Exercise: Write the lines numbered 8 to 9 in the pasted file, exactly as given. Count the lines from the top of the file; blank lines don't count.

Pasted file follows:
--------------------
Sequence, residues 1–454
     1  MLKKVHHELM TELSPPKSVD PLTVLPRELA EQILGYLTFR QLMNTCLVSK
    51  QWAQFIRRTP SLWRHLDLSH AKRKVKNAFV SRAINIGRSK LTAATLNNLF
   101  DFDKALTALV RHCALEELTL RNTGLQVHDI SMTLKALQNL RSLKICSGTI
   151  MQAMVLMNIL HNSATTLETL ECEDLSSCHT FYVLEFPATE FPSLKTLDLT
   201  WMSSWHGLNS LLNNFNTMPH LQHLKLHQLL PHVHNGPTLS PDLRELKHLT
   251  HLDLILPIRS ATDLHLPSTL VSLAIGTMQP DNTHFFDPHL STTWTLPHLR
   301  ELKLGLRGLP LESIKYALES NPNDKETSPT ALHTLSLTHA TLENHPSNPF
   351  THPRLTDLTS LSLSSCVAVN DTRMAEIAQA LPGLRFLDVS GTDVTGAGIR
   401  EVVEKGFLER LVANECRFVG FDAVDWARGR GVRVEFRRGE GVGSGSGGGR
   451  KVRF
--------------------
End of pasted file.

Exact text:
   301  ELKLGLRGLP LESIKYALES NPNDKETSPT ALHTLSLTHA TLENHPSNPF
   351  THPRLTDLTS LSLSSCVAVN DTRMAEIAQA LPGLRFLDVS GTDVTGAGIR